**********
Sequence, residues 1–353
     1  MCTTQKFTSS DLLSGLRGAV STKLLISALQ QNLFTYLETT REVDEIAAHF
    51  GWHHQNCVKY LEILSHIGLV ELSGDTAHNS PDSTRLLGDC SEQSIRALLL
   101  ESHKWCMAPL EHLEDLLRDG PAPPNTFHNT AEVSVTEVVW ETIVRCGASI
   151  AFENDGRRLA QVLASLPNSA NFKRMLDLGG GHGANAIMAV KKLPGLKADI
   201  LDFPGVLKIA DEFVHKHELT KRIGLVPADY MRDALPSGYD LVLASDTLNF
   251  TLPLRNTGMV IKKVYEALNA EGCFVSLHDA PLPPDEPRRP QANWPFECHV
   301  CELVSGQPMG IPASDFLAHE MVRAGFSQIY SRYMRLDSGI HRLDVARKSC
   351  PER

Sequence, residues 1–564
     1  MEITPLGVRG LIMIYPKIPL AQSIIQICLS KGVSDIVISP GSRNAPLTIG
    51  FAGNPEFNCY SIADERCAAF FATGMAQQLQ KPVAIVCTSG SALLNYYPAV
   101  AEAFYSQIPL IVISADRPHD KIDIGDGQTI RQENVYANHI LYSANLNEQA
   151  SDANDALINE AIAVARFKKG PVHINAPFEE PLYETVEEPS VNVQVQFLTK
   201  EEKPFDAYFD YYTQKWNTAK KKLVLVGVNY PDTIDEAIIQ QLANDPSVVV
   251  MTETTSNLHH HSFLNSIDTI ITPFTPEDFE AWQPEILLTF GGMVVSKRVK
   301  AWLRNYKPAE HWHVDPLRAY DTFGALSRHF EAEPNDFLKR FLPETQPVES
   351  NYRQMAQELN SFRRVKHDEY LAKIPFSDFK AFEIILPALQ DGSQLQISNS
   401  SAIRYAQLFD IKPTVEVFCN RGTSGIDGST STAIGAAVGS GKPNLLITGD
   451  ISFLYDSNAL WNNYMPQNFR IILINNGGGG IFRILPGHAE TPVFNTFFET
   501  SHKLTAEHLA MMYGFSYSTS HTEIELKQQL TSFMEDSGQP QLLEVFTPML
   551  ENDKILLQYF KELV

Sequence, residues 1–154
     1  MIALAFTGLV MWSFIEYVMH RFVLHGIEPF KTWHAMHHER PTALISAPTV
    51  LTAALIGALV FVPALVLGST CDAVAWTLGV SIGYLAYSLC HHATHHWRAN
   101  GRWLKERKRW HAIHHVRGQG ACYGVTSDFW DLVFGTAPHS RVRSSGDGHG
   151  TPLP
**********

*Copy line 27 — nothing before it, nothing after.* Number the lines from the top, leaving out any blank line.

   151  TPLP